Plated Microscopic Electronic Component

Miniaturization in electronic devices is a long-standing trend that demands that their components become increasingly smaller. In many cases, electroplating challenges increase as the size of parts decrease. Several considerations must be made to provide quality and consistent plating, within the customer’s stated specifications. Further, several processes are available, including one that was specifically designed for this use. So it’s important to understand which method is ideal for a particular part run. Today, we’ll look at the considerations, as well as the various plating techniques available for properly plating very small or microscopic parts.

Cleaning, Activation and Conductivity

Successful electroplating of these components is heavily reliant on cleaning and activation as well as good electrical conductivity in the plating solution. The cleaning and activation steps need to have good solution exchange in and around the parts.

As with any part being plated, success of these factors depends on its geometry. For complex parts with blind holes, preparation is critical. Any chemical must be able to flow into the blind holes and still be exchanged with fresh solution. This is necessary if the intended cleaning or activation is to be effective.

Flushing out those chemicals that you worked so hard to get in the holes is equally important. No chemical residue can be left behind, especially if the chemical isn’t compatible with the electroplating solution. Microscopic parts need to have some type of mechanical help to exchange these solutions.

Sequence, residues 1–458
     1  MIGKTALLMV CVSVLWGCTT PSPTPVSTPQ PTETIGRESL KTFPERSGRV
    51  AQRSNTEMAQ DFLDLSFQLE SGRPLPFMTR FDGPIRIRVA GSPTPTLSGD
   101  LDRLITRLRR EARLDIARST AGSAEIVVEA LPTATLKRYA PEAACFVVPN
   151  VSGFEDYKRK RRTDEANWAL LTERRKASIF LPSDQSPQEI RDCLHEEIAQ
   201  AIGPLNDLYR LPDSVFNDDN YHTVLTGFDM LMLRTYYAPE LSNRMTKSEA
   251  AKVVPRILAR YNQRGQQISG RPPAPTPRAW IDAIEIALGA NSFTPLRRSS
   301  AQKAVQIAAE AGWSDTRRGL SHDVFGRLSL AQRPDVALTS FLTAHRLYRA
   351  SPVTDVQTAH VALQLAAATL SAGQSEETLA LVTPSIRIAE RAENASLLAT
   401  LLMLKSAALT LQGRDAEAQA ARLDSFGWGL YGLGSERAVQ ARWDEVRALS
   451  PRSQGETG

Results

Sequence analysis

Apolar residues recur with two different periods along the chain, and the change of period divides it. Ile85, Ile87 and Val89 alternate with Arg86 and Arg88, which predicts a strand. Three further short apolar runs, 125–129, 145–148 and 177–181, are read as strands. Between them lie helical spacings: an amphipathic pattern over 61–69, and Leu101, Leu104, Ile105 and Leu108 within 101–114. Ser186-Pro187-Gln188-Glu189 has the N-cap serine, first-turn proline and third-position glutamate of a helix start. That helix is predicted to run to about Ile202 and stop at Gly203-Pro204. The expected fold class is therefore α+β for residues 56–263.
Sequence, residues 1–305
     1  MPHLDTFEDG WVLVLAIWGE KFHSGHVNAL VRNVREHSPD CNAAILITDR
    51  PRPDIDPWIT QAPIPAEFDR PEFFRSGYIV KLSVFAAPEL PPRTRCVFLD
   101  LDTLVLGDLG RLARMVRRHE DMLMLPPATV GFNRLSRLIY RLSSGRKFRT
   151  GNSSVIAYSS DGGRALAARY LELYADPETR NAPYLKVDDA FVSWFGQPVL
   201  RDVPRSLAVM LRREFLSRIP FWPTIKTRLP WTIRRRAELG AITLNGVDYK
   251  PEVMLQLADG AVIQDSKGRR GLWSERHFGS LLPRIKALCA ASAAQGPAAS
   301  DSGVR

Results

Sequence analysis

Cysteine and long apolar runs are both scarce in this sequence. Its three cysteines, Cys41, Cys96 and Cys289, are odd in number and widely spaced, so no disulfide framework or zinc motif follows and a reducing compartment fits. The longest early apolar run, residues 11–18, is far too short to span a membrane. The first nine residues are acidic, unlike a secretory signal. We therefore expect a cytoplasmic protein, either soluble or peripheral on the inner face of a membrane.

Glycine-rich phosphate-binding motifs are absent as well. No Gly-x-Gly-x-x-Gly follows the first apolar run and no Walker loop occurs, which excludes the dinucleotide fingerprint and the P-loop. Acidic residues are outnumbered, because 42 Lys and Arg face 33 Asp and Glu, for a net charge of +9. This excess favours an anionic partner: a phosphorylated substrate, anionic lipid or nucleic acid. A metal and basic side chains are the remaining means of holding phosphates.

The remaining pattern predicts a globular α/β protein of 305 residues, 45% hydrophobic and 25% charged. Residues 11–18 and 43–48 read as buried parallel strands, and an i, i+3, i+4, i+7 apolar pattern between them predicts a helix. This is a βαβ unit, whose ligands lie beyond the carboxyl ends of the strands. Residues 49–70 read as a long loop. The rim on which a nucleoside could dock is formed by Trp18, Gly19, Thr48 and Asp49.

Vibratory Plating is One Option, But Limited

Traditional preparation in a basket followed by barrel plating will not get the job done. Vibratory plating improves solution flow by liberating air entrapped in the inner diameter. This method, however, has limitations.

Vibratory plating requires enough surface area of parts being plated to cover the cathodes within the unit. This process might work with very small parts, but not for microscopic ones. With microscopic parts, the order size may not have enough volume to cover the cathodes within the unit and may require filler media to process successfully. However, this increases cost, and the media can separate from the parts due to weight or geometry differences.

Spouted Bed Electrode Plating to the Rescue!

Spouted Bed Electrode (SBE) is the best option for the smallest components. It has been developed over the last 20 years in response to the electronics miniaturization movement. SBE plating uses an electrolyte jet to move parts in the plating chamber but can also be used for cleaning, activation, and rinsing. The SBE unit allows for very uniform plating compared to barrel plating. However, load sizes are limited to 50 to 400 ml’s of material, so other methods, such as vibratory, should be considered for larger parts.

Spouted Bed Electrode Plating (SBE) Advantages:

  • Ideal for plating small parts.
  • Excellent solution exchange due to the high velocity of solution movement.
  • Minimal part-to-part plating thickness variation.
  • Small volumes of parts can be plated with no media.
  • Flat parts do not stick together when wet.
  • Nesting in general is almost eliminated due to the constant random position the parts are in.

SBE’s shortcomings are that most parts need to be less than ½ inch long to move properly in the SBE unit but still large enough to not get stuck in the 0.010 mesh of the unit.

Not sure which approach is best for plating your small parts? Contact us, we’re happy to help!